Boat builders’ economic woes continue

The final week of January has been one the marine industry would like to forget. On top of the news that Brunswick Corp. and Marine Products Corp. saw fourth-quarter new boat sales revenue declines of 54 and 61 percent, respectively, a number of smaller boat builders have shown signs of being hard hit, as well.

According to a series of articles found Friday morning, Silverton, Twin Vee and Christiansen have endured a series of cut backs, layoffs and closures.

An article on www.NJ.com says that yacht builder Silverton Marine Corporation is eliminating 202 jobs, or about 40 percent of its workforce, in the coming months. According to the article the layoffs are scheduled to begin today and will be spread out over two months, ending in March. The company notified the New Jersey Department of Labor of its plans on New Year’s Day, the article says.

The Palm Beach Post has reported that boat builder Twin Vee has been kicked out of its Fort Pierce headquarters because it is behind on its bills. The company’s founder and former owner, Roger Dunshee, who still owns the building where the company was operating, got a court order Jan. 12 to evict his former company, the paper’s Web site says. Dunshee reportedly said that if a deal to lease or sell the property doesn’t pan out, he would consider reviving the boat business himself.

The stock market decline has been cited for the reason construction at a new boat yard in Loudon County, Tennessee, has been stopped, according to an article on the Knoxsville News Sentinel’s Web site. The cost of the construction, which began a little over a year ago, was to near $20 million, and it was an effort by Christensen Yachts to build super yachts on Tellico Lake, the article says. The lead investor, Henry Luken, reportedly told the Web site that changes to the facility, combined with a decline in the stock market and a shift in his own investment priorities have put the project on hold.

Other public companies
Brunswick and Marine Products Corp. were not the only public companies to be hit hard this week.

Marine electronics manufacturers Johnson Outdoors, Inc. posted a loss from continuing operations of $6.9 million in the first quarter of 2009. The company says that its electronics revenues were down 3.9 percent compared to last year, “primarily due to continued declines in the marine market.” Similarly, the company’s watercraft sales fell 18 percent compared to the same quarter last year.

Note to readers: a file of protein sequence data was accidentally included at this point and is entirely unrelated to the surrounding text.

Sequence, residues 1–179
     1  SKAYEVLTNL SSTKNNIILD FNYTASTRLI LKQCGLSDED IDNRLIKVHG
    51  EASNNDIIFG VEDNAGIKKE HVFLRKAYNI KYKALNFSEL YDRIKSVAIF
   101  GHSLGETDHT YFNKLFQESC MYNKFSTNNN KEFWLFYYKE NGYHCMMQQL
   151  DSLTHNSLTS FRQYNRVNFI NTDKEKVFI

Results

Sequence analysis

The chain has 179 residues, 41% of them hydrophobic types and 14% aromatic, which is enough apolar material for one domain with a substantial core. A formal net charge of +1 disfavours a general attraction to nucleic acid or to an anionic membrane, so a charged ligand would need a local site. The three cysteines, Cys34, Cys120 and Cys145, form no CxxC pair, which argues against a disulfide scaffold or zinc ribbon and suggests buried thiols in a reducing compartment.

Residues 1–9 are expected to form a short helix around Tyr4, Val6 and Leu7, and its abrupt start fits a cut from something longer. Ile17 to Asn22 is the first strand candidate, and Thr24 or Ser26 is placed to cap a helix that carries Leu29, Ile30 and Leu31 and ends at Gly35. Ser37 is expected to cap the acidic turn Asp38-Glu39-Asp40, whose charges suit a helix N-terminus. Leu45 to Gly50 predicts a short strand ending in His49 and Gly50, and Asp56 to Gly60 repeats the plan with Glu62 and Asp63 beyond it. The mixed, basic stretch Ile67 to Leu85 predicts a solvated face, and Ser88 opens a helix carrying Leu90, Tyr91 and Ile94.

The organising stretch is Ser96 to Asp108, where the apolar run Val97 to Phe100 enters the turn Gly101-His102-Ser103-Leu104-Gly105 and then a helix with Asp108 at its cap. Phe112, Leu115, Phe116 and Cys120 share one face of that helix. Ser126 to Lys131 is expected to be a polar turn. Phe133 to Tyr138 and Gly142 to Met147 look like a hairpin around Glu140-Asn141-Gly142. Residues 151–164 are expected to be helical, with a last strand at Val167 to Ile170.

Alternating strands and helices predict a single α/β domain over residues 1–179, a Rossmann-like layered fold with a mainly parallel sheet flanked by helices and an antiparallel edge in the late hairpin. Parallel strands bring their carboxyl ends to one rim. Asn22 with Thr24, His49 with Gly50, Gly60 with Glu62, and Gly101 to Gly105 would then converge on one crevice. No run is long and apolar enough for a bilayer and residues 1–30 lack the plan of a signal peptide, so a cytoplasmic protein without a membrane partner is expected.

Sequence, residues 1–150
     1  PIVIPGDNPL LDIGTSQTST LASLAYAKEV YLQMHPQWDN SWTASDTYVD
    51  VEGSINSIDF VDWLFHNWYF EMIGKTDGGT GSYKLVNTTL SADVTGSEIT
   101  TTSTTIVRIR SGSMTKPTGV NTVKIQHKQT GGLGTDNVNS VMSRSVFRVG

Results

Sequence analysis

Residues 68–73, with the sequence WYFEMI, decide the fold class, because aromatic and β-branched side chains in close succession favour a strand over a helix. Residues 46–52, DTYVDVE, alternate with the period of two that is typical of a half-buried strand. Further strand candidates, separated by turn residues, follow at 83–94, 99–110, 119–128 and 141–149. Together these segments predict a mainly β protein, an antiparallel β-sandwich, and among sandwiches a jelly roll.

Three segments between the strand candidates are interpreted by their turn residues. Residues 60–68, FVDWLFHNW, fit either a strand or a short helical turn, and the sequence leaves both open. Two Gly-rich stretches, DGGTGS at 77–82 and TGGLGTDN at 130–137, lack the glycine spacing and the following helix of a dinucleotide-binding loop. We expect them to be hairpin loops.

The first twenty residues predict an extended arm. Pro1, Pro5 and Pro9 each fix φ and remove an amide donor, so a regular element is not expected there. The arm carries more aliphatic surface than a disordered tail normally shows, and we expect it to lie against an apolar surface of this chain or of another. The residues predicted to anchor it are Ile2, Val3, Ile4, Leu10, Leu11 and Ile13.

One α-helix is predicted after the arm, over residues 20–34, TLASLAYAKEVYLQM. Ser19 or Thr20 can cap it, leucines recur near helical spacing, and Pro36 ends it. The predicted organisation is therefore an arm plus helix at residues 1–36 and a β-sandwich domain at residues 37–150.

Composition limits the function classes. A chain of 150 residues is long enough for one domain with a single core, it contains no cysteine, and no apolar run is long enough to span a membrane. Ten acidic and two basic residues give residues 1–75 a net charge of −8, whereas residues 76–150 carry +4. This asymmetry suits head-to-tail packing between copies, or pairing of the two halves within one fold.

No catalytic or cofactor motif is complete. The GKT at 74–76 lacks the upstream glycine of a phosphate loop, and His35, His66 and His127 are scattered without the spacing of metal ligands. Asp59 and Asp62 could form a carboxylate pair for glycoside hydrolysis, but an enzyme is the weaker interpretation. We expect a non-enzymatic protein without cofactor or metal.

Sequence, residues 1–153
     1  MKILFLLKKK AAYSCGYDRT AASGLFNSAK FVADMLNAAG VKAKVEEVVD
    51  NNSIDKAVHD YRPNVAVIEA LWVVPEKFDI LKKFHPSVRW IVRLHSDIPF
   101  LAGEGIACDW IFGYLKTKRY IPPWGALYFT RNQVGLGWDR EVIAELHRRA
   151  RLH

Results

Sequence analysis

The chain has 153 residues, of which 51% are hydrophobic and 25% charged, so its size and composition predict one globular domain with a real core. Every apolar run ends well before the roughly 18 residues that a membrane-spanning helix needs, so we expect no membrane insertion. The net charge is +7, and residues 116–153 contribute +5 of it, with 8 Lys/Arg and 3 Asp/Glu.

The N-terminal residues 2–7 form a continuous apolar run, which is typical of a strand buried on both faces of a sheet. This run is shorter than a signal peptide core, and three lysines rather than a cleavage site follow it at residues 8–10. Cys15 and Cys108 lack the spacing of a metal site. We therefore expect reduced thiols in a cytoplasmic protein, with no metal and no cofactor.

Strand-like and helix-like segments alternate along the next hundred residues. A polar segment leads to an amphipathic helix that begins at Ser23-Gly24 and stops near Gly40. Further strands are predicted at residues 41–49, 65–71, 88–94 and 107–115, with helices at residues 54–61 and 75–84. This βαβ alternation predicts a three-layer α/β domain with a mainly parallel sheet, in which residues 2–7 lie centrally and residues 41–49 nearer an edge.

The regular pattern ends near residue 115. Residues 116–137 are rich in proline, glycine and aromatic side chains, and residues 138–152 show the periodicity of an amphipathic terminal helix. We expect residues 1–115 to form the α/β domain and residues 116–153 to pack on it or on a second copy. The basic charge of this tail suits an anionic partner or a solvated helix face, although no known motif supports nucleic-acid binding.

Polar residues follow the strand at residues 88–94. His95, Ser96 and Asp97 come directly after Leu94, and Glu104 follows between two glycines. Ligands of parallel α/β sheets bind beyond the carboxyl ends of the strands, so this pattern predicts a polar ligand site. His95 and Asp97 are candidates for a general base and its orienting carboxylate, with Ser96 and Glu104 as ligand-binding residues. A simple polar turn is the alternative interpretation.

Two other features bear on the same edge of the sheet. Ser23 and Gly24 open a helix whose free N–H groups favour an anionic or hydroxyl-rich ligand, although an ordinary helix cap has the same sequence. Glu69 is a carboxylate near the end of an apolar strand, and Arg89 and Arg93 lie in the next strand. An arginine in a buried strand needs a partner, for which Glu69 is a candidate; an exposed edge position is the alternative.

In the high-performance boat segment, Fountain Powerboats received a non-compliance notice from the NYSE Alternext US, successor to the American Stock Exchange, that it is not in compliance with the Exchange’s standards for the continued listing of its common stock, and as a result, the company has become subject to the Exchange’s suspension and delisting procedures.

Fountain had received a similar notice on June 11, 2008, saying that it was not in compliance with Section 1003(a)(iv) of the Company Guide. Specifically, the notice stated that the Company had sustained losses which were so substantial in relation to its overall operations or its existing financial resources, or its financial condition had become so impaired that it appeared questionable, in the opinion of the Exchange, whether the company would be able to continue operations and/or meet its obligations as they mature.

On November 5, 2008, the Company received notice from the Exchange, that, based on the Exchange's review of the Company's Annual Report on Form 10-K for the year ended June 30, 2008, the Company was not in compliance with an additional listing standard, Section 1003(a)(i) of the Company Guide, because its stockholders' equity was less than $2 million, and it had incurred losses from continuing operations and net losses in two of our three most recent fiscal years. Most recently, on January 26, 2009, Fountain received notice from the Exchange, that, based on its review of information Fountain submitted in response to the November notice, the boat builder has not made a reasonable demonstration of its ability to regain compliance with Section 1003(a)(i) of the Company Guide within the allotted amount of time. Additionally, the notice stated that the Company also is not in compliance with Section 1003(b)(i)(C) of the Company Guide because the aggregate market value of its publicly held shares has been less than $1 million for more than 90 consecutive days.

As a result, the Staff has determined that the Company is subject to immediate delisting proceedings and that, unless it appeals the Staff's determination by February 2, 2009, the Exchange will suspend trading in the Company's common stock and file an application with the Securities and Exchange Commission to strike the stock from listing and registration on the Exchange.

In light of current economic conditions in general and, in particular, conditions within the marine industry, Fountain says it does not believe it can regain compliance with the Exchange's continued listing standards in the near-term. As a result, Fountain says its Board of Directors has elected not to appeal the Staff's determination.

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